Summer time in the north Wales sea fishing calendar, is one that’s buzzing with life around our inshore waters. Anglesey is the particular gem in the crown for sea fishing in north Wales, as no matter what the wind direction is, you can fish a sheltered spot and they almost always produce a catch.
The Sea around the Anglesey coastline in the summer is abundant with life, with a diverse set of species to target in crystal clear waters. The past month has been exceptionally clear with the sea weeds, kelp, jelly fish and smaller species thriving in this weather. It has also been great start to the season for spear fishing, but more of that in the next blog.
The sun has been out in full force and marine life has blossomed as a result, bringing in with it many summer species chasing the small bait fish for food.
Bait balls of sprat, mullet and sandeel are abundant this time of year, all keeping themselves close to the safety of inshore rocks amongst there weed. Shoals of sandeel are the most obvious to see when out and about, they swim in bait balls maybe thousands strong in some cases, keeping themselves protected from the predators such as bass, pollack and other round fish.
Just this morning, I headed out for some pollock fishing just off the coast near Porth tre castlell, also called cable bay to most. Its a five minute drive from home and I tend to go early, before every man and his dog are about and the quiet sounds of the lapping water on the shore are the only ones to be heard.
This morning was particularly good, with a little cloud cover from the bright sky and not much of a ripple on the water. These less bright conditions, give the bait fish and smaller fish more confidence to move around without the threat of being shown immediately by the suns rays, to their predators.
Its about a temporary minute walk to my spot which I will only fish over HW, which coincided nicely for about 10 this morning. I fish it 1 hour up, 30 minutes down and no more. I know when then highest probability of catch rates are and I try to maximise that to my advantage.
With the tide rising there is a current pushing across there bay and all species love the current, they use it to feed, so we have to optimise our times to fish based on the movement of the water by this current. Once HW is reached, I notice a drop off in catch rates within a ten minute window. Tackle losses much greater as the water drops also, so we want as much water under neath us here as possible.
Tackle wise today I oped for a Savage Bushwhacker Rod, Abu Soron 50 Reel loaded with braided line. I made a mistake this season in not replacing my braid or at least not ” back to backing it” (reversing it around on the spool – it gets another season out of it) and to my own down fall I have lost way more tackle, through snap pages and abrasion as a result.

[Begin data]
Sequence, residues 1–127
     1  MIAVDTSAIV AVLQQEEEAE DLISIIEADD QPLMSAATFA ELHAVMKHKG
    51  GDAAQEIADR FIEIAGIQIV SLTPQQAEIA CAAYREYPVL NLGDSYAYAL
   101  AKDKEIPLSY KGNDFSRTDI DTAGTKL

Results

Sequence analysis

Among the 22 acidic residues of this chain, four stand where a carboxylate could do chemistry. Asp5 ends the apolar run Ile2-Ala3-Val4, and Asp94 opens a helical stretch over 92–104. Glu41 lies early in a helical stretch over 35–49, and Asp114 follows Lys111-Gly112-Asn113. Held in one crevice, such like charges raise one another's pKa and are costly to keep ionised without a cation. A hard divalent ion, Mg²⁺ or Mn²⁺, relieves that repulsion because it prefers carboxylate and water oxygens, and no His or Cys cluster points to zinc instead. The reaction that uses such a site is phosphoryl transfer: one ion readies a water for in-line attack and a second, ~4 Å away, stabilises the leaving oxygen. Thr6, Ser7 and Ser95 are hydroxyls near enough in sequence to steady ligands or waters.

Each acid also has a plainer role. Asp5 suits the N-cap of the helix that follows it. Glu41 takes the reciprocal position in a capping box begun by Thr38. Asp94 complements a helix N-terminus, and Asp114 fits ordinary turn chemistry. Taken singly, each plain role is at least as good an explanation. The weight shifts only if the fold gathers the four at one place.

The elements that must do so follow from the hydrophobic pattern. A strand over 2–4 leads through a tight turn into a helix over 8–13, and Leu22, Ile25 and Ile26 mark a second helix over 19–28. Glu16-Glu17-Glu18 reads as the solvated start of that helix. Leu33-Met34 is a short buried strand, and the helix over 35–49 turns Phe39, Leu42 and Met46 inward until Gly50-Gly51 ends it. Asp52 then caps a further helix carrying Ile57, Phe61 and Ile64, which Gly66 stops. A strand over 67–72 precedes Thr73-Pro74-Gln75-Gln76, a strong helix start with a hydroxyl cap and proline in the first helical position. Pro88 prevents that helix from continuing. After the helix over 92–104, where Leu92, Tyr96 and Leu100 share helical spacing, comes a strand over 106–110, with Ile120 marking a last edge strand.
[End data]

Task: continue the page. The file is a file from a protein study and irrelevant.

Rigs wise I used the Sabiki Japanese lures (cut in half so 4 hooks) with a 4 oz weight. Normally I would use a smaller weight 2-oz max to avoid snaggy kelp on the rock shelfs comeing up, but in a disorganised fashion I didn’t have any this time around- time to get the molds out again!
I try and alternate my casts in a range of directions say 150 degrees either side of my sanding position, and I alternate the distance and depth of the cast until I find the fish. When I find where they are (as in what depth and distance) I will continue in that zone until I exhaust that region.
With the Bass ban for line fisherman this year (which I think is terrible and an utter hypocrisy by our governing bodies) I choose to target pollock with little lures which provide much good sport and fun.
In one session today I managed 35 of which, one was a take home size (see British sea angling size limits for your catches) Pollack is 35cm.
The fish came on the second cast with a two, then followed by another two then followed by a three fish at a time.. I knew it was going to be a good session and the choice of the lures was a good one. All fish where caught only 20 yards out with a quick lob. I only let the weight touch down briefly then begin the wind back and jigging. Each cast resulted in fish, and I think only 6 casts say out of 40 where blanks.
The weedy reefs you need to watch for and mention you retrieval rate fast to make sure you don’t snag. You will get hits 5 yards from the shore I promise! The fight of four pollock all going different directions is a wonder to feel, especially on the Savage rod. I have sung this rods Parises SO many times honestly its a pleasure to fish with, and I thoroughly recommend. Paired with the Abu Soron 5O its balanced quite well actually.
I lost one set of gear in total, which is part and parcel of the game. Good thing is on spring tides I can juts walk down or snorkel to go and cut my lines out of the water- which I often do whist no one is there.
So all in all a great mornings pollock fishing session. 30 odd fish, just pollack, 99% returned, one kept for the pot or the cat if he is very very lucky, all within ten minutes walk of your car. Admittedly I was also testing the waters for Mackerel but they have yet to turn up in their droves to the West coast of Anglesey, so we have to diversify our goals to fit in with mother nature!
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Some useful reads if you are a beginner or an intermediate angler, theres always room for improvment.